God bless The New York Times, which, from its front page, to its Opinion page, to the even crappier parts of its Opinion page, has never shied away from a chance to freak the American people well and truly out. Hence, today, a new report from the Grey Lady, detailing the potential danger of “murder hornets,” which are apparently a thing now.
Okay, so: Technically they’ve been “a thing” for hundreds of years, actually, given that the “murder hornet” name is just a new, extra-scary title applied to the Japanese giant hornet, a regular bane of Japanese beekeepers. (To be fair, some people are referring to them by their wider taxonomic designation, “murder wasps,” which is a much more comforting image.) They’re scary critters, too: Giant, bright orange hornets capable of injecting huge amounts of what is, reportedly, a very painful venom into predators/prey/people making dumbass YouTube videos where they let bugs sting them for fun and profit.
Now, we have absolutely no evidence—outside an ever-grimmer view of human nature fostered by nigh-constant exposure to the internet—that said clout-chasers are responsible for a few of the hornets being found in the wild in Washington state recently. YouTube-assisted or not, though, it’s definitely a scary notion. Not so much because of concerns about getting stung—although a few people do die to the Japanese giant hornet every year. No, it’s because these things absolutely fuck up the populations of local bees, who’ve already been having a time of it in recent years.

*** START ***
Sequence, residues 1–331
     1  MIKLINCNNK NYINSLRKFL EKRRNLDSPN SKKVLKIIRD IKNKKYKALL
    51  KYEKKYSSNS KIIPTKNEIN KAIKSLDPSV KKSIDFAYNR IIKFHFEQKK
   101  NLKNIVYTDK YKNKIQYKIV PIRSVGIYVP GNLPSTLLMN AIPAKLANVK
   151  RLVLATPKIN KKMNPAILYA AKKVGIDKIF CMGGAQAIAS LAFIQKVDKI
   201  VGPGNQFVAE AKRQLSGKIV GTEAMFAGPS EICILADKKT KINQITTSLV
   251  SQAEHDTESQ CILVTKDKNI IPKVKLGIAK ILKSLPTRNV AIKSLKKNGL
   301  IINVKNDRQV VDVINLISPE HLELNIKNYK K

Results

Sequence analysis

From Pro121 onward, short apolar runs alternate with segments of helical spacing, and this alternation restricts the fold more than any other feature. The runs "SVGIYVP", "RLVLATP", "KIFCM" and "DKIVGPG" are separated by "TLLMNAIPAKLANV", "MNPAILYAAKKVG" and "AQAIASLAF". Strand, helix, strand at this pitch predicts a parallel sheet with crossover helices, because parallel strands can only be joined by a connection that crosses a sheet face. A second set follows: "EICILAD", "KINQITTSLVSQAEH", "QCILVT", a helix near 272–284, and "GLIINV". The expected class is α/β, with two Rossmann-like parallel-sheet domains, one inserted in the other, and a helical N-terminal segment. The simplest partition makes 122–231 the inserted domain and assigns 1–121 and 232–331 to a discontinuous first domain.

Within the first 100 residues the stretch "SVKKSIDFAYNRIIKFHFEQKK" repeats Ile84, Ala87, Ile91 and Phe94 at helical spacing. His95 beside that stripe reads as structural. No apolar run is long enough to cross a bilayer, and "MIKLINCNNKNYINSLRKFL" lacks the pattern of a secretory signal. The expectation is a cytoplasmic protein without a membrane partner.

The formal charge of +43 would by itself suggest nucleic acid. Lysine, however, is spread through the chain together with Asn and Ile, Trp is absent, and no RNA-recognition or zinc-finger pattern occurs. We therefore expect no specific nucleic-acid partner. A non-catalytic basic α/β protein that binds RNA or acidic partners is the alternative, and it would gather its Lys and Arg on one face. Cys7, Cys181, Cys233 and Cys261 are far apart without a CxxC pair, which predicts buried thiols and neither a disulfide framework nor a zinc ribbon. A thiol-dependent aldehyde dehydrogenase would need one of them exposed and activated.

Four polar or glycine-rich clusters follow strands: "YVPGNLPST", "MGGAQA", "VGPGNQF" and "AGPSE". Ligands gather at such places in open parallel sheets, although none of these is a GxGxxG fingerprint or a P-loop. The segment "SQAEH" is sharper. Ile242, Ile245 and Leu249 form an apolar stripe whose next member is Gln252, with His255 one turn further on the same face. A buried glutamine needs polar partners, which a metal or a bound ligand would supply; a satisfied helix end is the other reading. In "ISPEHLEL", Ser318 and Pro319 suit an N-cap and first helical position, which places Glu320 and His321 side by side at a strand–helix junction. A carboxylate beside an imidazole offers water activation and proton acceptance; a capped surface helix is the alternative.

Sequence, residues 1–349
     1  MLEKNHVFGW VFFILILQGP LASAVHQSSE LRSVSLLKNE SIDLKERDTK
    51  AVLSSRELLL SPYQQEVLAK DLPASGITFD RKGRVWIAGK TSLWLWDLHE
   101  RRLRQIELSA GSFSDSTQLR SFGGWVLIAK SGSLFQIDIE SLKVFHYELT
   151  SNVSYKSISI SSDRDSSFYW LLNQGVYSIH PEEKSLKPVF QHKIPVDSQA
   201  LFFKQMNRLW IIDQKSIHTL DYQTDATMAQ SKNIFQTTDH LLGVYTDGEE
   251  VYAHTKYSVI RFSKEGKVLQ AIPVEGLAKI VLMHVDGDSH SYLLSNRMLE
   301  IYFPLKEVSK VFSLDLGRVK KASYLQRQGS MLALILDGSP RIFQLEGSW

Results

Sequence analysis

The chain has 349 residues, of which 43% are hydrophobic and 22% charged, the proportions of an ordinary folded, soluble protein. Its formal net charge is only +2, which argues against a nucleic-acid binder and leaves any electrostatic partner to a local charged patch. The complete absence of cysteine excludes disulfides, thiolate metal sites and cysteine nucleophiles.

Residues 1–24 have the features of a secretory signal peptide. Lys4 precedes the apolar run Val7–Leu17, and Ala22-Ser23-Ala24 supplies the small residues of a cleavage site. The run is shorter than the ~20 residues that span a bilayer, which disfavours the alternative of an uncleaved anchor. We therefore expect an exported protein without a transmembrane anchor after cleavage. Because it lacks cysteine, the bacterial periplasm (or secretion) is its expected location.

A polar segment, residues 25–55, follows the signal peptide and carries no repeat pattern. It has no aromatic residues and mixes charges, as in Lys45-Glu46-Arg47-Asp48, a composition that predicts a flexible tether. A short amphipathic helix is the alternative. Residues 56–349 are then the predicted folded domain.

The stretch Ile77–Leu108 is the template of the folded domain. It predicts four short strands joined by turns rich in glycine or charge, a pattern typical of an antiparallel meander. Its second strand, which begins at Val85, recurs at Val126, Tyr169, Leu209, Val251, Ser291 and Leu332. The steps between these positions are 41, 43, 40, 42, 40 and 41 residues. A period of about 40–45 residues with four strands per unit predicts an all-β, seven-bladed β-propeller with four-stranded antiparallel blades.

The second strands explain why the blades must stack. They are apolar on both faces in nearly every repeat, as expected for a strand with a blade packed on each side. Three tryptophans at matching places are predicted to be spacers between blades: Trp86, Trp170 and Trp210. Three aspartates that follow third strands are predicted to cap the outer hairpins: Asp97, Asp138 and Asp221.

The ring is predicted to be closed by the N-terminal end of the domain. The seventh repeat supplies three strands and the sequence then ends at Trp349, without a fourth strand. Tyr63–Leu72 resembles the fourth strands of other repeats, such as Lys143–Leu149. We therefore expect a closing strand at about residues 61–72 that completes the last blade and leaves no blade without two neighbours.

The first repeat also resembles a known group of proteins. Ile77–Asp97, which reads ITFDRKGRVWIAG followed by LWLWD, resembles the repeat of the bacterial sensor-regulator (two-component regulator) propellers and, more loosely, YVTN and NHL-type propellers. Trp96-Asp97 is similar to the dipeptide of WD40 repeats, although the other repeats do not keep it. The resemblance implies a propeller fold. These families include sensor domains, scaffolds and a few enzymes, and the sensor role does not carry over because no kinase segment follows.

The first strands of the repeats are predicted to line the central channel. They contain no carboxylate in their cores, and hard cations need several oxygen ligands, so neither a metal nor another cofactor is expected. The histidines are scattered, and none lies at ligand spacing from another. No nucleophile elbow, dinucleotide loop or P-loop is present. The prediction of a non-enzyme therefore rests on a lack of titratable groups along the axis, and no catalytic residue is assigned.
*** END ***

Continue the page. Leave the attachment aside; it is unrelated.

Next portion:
Here, have some New York Times insect murder porn poetry:
As he pulled his truck up to check on a group of hives near Custer, Wash., in November, he could spot from the window a mess of bee carcasses on the ground. As he looked closer, he saw a pile of dead members of the colony in front of a hive and more carnage inside—thousands and thousands of bees with their heads torn from their bodies and no sign of a culprit…With queens that can grow to two inches long, Asian giant hornets can use mandibles shaped like spiked shark fins to wipe out a honeybee hive in a matter of hours, decapitating the bees and flying away with the thoraxes to feed their young.
Japanese bees have adapted to the hornet’s techniques; they lure “scout hornets” into their hives, then swarm them in a massive ball that sees its internal temperature push past 110 degrees Fahrenheit, essentially cooking and asphyxiating the much larger intruder under the weight of their bodies (Nature: Not fuckin’ around for a billion years and counting.) American/European bees, which have been raised for countless generations to have as few defensive behaviors as possible, have no such tactics at hand.
Meanwhile, it’s impossible to deny the power the phrase “murder hornet” has had on our collective quarantined brains. The internet has already filled up today with Twitter prophets dubbing these things the second of the great plagues descending upon humanity in this, our time of troubles. God help us if some idiot decides to do a cane toad TikTok video and lets those invasive fuckers loose; at this rate, we’ll have hit locusts, darkness, and the deaths of the firstborn by some time in early June.